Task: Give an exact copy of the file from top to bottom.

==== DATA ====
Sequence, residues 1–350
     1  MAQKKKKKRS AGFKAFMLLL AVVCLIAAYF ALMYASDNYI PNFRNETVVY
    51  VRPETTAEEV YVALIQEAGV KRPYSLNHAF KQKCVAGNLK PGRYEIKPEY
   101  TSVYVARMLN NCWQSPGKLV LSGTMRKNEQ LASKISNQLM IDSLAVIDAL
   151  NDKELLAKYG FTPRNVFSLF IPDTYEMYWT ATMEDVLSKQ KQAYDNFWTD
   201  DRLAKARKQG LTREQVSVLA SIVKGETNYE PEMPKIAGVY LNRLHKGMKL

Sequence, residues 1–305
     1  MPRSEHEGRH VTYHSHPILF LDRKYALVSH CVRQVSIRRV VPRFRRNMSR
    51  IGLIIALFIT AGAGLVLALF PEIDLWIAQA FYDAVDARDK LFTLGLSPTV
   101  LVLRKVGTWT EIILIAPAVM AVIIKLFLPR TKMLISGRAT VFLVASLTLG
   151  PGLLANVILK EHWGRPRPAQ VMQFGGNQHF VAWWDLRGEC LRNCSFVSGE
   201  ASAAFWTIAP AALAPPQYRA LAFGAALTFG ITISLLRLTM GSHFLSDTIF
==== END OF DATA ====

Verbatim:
Sequence, residues 1–350
     1  MAQKKKKKRS AGFKAFMLLL AVVCLIAAYF ALMYASDNYI PNFRNETVVY
    51  VRPETTAEEV YVALIQEAGV KRPYSLNHAF KQKCVAGNLK PGRYEIKPEY
   101  TSVYVARMLN NCWQSPGKLV LSGTMRKNEQ LASKISNQLM IDSLAVIDAL
   151  NDKELLAKYG FTPRNVFSLF IPDTYEMYWT ATMEDVLSKQ KQAYDNFWTD
   201  DRLAKARKQG LTREQVSVLA SIVKGETNYE PEMPKIAGVY LNRLHKGMKL

Sequence, residues 1–305
     1  MPRSEHEGRH VTYHSHPILF LDRKYALVSH CVRQVSIRRV VPRFRRNMSR
    51  IGLIIALFIT AGAGLVLALF PEIDLWIAQA FYDAVDARDK LFTLGLSPTV
   101  LVLRKVGTWT EIILIAPAVM AVIIKLFLPR TKMLISGRAT VFLVASLTLG
   151  PGLLANVILK EHWGRPRPAQ VMQFGGNQHF VAWWDLRGEC LRNCSFVSGE
   201  ASAAFWTIAP AALAPPQYRA LAFGAALTFG ITISLLRLTM GSHFLSDTIF